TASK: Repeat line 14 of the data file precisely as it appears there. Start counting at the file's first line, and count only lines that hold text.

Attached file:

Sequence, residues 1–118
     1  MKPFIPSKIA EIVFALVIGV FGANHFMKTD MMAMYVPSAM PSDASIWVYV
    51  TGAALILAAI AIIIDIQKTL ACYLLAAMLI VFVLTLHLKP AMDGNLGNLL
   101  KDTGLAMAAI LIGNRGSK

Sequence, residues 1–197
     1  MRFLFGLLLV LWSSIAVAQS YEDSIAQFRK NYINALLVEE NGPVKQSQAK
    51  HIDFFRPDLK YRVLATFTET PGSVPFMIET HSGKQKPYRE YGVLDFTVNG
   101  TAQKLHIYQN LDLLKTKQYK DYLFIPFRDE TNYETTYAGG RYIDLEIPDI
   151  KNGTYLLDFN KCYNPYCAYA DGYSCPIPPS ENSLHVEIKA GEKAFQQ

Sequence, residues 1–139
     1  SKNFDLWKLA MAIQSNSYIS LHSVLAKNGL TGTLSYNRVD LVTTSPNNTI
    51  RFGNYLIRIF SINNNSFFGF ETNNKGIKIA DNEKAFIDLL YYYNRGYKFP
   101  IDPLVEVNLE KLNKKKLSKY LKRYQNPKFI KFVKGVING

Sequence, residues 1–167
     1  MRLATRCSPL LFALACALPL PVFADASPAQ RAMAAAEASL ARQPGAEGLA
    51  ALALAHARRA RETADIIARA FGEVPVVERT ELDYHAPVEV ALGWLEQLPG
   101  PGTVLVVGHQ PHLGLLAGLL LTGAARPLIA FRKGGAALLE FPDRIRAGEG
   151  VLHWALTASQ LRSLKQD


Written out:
Sequence, residues 1–167